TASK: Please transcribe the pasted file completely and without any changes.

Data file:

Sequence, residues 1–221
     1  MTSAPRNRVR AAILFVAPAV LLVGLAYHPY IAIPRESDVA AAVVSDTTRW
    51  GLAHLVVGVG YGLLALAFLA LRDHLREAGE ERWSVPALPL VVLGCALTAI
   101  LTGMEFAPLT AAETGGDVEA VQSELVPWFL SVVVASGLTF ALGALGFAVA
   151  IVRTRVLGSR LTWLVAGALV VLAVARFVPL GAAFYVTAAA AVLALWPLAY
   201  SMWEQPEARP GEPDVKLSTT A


Sequence, residues 1–221
     1  MTSAPRNRVR AAILFVAPAV LLVGLAYHPY IAIPRESDVA AAVVSDTTRW
    51  GLAHLVVGVG YGLLALAFLA LRDHLREAGE ERWSVPALPL VVLGCALTAI
   101  LTGMEFAPLT AAETGGDVEA VQSELVPWFL SVVVASGLTF ALGALGFAVA
   151  IVRTRVLGSR LTWLVAGALV VLAVARFVPL GAAFYVTAAA AVLALWPLAY
   201  SMWEQPEARP GEPDVKLSTT A